As concerns the late time-window (400–700 ms), our second expectations were met in that a P600 component was elicited by all violations, as commonly found in the literature on language processing (for a review see Molinaro et al. 2011). Interestingly, the positivity was larger for the ungrammatical person than for the ungrammatical number features in unergative predicates only, replicating the pattern in transitive predicates reported in Zawiszewski et al. (2016).

Altogether, both behavioural and electrophysiological results show that person and number features are processed differently, as indicated by the modulations of both N400 and P600 components.

5 Conclusions

In conclusion, this study shows differences in processing cost regarding unaccusative and unergative predicates and phi-features lending further support both to the UH and to the FDH. Our study provides behavioural and electrophysiological evidence in support of the Unaccusative Hypothesis and the Feature Separability Hypothesis. Behaviorally, we found that participants were faster processing sentences with unaccusative verbs than sentences with unergative verb. This result provides evidence for the first claim in the UH, namely, that unergatives and unaccusatives involve different thematic/structural representations. Interestingly though, it does not provide evidence for the second claim in the UH that unaccusatives involve longer derivations than unergatives, which predicts higher processing costs for unaccusatives than for unergatives. We found the opposite pattern, with unaccusatives being less costly than unergatives. This finding provides support for linguistic analyses that argue that case in Basque is inherent, a direct reflection of theta-role (Laka 2006a, b; Levin 1983) and does not support the hypothesis that case is structural in this language (Ortiz De Urbina 1989). Electrophysiological evidence also shows distinct patterns depending on predicate type, of a novel kind: number violations in the unaccusative condition elicited a larger P600 than number violations in the unergative condition and the positivity was larger for person than for number features in the unergative condition. This finding can be interpreted as a function of prototypicality: unergatives involve agent arguments, highest in animacy and very frequently human where the person feature is most salient, while unaccusatives involve theme arguments, lowest in the animacy scale, with less saliency for the person feature.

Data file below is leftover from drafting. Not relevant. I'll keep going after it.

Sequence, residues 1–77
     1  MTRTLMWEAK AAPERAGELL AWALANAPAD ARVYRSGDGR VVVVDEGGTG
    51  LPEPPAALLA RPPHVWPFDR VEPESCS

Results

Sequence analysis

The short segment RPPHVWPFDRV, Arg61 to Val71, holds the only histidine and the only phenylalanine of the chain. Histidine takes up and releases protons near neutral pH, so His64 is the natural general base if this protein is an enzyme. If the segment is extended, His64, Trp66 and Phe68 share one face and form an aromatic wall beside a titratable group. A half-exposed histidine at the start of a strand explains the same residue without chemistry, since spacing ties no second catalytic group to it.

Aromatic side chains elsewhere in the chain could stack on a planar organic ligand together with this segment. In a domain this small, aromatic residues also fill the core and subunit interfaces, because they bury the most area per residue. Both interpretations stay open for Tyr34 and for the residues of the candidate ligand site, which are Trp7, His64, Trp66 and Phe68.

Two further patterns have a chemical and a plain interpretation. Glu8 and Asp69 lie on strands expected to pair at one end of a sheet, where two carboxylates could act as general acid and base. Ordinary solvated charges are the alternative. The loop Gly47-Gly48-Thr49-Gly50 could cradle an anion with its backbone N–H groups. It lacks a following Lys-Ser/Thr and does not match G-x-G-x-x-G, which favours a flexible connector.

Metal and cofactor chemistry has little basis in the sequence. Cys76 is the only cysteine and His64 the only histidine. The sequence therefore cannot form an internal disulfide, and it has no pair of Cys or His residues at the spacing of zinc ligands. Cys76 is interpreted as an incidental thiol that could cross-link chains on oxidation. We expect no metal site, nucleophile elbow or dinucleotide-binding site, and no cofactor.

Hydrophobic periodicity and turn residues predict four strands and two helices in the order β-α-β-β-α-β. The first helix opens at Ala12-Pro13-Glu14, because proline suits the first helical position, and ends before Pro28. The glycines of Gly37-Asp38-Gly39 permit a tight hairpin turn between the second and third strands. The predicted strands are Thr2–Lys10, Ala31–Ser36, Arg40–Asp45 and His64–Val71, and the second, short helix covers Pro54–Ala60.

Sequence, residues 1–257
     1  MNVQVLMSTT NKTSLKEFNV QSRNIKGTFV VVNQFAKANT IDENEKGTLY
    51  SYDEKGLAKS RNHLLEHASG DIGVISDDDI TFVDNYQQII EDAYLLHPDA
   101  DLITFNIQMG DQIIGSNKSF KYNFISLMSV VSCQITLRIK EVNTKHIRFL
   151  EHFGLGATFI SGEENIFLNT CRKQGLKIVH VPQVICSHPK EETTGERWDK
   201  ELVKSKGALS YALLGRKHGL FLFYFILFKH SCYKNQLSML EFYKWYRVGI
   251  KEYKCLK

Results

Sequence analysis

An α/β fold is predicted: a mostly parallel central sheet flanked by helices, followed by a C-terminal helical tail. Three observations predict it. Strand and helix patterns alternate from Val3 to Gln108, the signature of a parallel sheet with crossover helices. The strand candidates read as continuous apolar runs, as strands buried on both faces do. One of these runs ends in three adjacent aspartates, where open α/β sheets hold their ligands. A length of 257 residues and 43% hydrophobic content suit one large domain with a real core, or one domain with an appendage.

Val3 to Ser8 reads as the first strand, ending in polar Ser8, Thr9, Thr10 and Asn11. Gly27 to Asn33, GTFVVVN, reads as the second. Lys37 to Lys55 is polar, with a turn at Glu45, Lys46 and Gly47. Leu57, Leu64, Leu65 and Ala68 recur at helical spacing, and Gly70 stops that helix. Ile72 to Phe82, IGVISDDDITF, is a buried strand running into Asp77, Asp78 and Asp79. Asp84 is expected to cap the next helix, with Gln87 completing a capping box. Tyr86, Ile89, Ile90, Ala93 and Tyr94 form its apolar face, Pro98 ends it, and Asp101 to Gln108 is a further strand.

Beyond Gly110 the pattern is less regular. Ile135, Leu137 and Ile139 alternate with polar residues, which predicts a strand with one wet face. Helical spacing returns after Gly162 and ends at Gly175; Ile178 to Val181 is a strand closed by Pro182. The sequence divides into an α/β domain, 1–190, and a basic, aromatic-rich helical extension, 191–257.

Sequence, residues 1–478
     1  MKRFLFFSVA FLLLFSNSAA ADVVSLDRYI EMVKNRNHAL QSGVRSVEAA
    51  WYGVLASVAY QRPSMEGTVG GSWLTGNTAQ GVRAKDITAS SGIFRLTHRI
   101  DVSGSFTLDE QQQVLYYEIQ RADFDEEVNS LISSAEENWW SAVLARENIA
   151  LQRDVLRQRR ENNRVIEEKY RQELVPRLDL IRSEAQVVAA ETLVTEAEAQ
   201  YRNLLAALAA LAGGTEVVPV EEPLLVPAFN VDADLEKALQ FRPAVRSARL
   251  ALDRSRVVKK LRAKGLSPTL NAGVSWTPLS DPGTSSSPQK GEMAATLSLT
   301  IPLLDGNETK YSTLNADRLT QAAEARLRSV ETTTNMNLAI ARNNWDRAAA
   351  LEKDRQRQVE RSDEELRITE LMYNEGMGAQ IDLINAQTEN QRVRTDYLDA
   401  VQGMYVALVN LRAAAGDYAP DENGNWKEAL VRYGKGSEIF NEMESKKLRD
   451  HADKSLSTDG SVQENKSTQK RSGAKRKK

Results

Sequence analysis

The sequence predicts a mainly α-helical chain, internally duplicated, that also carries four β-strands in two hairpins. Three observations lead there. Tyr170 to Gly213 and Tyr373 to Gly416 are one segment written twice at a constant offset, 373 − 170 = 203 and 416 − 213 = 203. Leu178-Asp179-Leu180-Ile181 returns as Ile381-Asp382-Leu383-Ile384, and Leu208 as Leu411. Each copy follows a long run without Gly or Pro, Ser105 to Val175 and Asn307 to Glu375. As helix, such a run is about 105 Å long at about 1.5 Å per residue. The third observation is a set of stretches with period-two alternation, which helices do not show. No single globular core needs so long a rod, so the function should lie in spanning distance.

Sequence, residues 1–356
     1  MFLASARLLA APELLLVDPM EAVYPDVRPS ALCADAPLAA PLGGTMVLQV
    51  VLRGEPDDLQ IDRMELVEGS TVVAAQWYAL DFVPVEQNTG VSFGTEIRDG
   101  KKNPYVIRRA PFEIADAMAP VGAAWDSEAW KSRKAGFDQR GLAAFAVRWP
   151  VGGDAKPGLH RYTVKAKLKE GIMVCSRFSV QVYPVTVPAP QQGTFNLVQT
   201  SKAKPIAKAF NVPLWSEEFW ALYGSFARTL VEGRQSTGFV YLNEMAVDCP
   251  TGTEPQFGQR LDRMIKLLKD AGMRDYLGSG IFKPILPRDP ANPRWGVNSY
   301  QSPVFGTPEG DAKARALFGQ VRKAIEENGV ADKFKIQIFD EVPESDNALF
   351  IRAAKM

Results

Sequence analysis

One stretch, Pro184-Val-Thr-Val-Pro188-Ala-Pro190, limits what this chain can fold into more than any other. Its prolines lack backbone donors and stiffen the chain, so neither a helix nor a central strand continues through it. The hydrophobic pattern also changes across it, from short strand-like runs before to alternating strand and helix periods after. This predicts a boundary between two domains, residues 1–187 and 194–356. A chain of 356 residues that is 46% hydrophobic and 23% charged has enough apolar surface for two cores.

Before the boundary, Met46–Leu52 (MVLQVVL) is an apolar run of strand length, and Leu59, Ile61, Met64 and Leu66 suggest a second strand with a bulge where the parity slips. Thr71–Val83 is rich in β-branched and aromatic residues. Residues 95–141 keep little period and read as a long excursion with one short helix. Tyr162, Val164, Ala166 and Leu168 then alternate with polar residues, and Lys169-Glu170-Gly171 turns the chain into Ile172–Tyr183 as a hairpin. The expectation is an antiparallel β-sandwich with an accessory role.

Additional File

The additional file for this article can be found as follows:

Supplementary Materials

The additional file contains the materials used in the experiment. DOI: https://doi.org/10.5334/gjgl.829.s1

Notes

1Do not confuse H2 with Carminati’s (2005) Feature Strength Hypothesis, whereby a correlation is assumed between the cognitive significance of a feature and its disambiguating power.

2Speakers of eastern varieties were not considered for this study due the dialectal differences mentioned in 1.2.

3As suggested by an anonymous reviewer, the disassociation between person and number may be related to differences of predication. Following Landman (2000), it could be the case that the plural subject of an unaccusative construction involves thematic predication, whereas the plural subject of an unergative construction involves a distributed one.

Abbreviations

1 = first person, 2/you = second person, 3 = third person, ABS = absolutive, DAT = dative, DET = determiner, ERG = ergative, IMPF = imperfective, PL = plural, SG = singular.

Acknowledgements

We are grateful to Yolanda Acedo for helping program the experiment, to Edurne Petrirena for helping recruit participants and to the audience of the conference Unergative Predicates for their helpful comments.

Funding Information

This research has been supported by grants from the Spanish Ministry of Economy and Competitiveness (Grant No. BES-2016-076456, FFI2014-55733-P and FFI2015-64183-P) and the Basque Government (IT1169-19).

Competing Interests

The authors have no competing interests to declare.